There are two reasons you might be reading this; either you’re currently sitting over a ruined stitch, or you’ve made a few too many mistakes in the past. The good news is at some point everyone has made the same mistake, so don’t fret!
First things first
Take a breather. If you’ve just noticed your mistake, don’t fear there is ALWAYS a way out. So let’s get into the list:
Knots on the back
I should state now, you need a smaller bit of thread. As standard, you should look for about a lower arm’s length.
If you have a small knot pull on the knot and pull towards to hoop. Then pull all the following threads tight like a shoelace.
If the knot is big (or there’s no hoop) then this won’t do. Instead, start chopping. Make sure to only cut threads involved in the knot and leave as much “free” thread as possible. Once the knot is gone and you have a series of loose strands, start stitching the surrounding area, and stitch over the loose threads. By the time you’ve finished the surrounding areas, the threads will be all stitched up. Alternatively, you can push the loose threads under the backs of the stitches like you would end a thread.
You’ve spilt something on it
Yeh, normally tea, right? Well this is super simple, just wash it. However, as you haven’t yet finished, make sure you don’t iron it.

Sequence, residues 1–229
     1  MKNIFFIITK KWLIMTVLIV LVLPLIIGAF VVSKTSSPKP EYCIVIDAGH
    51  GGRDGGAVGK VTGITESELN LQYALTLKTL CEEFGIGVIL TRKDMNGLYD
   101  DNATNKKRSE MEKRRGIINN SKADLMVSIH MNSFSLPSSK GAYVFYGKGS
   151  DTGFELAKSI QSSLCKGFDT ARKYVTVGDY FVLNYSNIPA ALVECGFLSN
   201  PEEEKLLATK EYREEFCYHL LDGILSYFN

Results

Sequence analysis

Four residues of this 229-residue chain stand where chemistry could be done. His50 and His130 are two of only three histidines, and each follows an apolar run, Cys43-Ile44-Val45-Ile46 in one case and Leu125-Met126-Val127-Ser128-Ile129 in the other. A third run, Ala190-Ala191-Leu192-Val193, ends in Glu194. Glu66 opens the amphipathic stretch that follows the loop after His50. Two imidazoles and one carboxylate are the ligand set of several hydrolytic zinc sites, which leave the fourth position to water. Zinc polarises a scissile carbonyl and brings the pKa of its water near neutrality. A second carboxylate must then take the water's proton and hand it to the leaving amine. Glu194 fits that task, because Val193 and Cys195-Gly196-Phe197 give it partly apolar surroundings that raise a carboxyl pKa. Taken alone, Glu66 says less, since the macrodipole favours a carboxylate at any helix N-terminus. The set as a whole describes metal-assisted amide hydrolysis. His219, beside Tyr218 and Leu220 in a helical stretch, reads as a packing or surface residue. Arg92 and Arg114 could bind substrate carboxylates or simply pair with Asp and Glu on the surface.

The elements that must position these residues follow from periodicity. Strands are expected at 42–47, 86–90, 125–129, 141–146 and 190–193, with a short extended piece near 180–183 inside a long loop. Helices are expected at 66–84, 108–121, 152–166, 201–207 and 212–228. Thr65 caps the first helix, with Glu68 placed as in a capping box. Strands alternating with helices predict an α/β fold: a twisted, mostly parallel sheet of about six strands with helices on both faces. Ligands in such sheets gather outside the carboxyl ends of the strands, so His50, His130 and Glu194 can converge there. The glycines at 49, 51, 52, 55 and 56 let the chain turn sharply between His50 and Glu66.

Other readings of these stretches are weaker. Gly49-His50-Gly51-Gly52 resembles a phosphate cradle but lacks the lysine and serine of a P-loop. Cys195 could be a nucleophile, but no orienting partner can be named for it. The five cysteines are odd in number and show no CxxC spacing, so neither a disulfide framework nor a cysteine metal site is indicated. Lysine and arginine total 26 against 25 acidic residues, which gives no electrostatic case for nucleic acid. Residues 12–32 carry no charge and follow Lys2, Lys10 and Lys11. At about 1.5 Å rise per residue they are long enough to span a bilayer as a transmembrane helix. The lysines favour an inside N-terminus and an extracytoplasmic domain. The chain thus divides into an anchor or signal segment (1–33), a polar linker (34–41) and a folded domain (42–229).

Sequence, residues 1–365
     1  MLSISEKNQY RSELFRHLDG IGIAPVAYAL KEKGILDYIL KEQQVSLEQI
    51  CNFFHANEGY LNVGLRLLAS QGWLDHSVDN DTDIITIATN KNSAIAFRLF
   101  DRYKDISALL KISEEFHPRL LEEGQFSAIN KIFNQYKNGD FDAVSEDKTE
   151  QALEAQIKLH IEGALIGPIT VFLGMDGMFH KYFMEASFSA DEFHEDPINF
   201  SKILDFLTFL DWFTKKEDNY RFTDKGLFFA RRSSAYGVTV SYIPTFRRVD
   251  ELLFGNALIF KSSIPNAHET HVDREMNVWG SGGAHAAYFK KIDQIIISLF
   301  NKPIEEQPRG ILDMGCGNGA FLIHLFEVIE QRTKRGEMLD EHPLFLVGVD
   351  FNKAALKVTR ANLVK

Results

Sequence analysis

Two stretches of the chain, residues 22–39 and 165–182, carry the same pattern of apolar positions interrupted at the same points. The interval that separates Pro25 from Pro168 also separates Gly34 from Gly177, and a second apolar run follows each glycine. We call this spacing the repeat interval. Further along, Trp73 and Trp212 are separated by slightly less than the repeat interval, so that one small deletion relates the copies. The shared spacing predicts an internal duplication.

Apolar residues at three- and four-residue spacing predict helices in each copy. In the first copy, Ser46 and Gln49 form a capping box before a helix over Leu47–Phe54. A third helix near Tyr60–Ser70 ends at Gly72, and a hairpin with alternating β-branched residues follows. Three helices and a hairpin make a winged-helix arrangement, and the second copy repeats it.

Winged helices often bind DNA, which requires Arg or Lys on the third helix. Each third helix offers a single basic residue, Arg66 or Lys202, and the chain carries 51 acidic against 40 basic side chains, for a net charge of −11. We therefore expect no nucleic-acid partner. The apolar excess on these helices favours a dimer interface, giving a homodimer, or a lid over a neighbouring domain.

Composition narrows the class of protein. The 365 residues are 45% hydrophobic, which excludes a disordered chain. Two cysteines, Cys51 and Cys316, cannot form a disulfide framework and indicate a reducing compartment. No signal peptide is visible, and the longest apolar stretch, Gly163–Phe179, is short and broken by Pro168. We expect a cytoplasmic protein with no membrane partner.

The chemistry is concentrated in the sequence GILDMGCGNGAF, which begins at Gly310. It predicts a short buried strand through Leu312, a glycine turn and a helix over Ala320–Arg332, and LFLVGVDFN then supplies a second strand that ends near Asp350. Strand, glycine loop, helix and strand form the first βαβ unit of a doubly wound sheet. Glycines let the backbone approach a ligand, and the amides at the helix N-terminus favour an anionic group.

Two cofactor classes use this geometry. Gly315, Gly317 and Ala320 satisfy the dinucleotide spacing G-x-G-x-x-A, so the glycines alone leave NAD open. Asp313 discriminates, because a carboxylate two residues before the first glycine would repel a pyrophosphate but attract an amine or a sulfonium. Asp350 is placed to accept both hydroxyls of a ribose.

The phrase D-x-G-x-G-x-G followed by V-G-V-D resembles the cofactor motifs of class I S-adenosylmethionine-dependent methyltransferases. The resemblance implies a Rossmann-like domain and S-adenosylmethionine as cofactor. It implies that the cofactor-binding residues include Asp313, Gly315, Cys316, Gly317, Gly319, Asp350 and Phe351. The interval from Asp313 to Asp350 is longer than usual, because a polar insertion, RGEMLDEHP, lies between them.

This happens a lot. I don’t know of anyone that hasn’t managed to do it. You should really look into future ways to avoid this, like thread breaking, and fabric pens, however, you have two possible solutions.
Let’s say we have a missing stitch marked on our Pikachu performing iron tail, with a blue blob.
You could then think about removing the lines from that point on towards the end of the piece, marked with dark blue lines.
This means you have to be prepared to edit your pattern in a big way, but sometimes is the only way to get it to work. The Pikachu still looks fine:
Depending on the stitch in question, it might not matter a whole lot, much like the Pikachu pattern, you could easily fill it with yellow and no one would ever know.
Well, sometimes that’s the easiest way…
Wrong stitch placement
The whiteout technique about might be a good idea here, however, for the most part, you probably want to unpick what you have. But let’s say its a massive area, its obvious and you can’t do a whiteout. Cut it out.
Now, this seems harsh, but if you cut out the offending area, and stitch a new small piece of aida on top it’ll be totally hidden by the time you finish. Easy!
Know of any other stitching disasters? Throw me a line and I’ll help!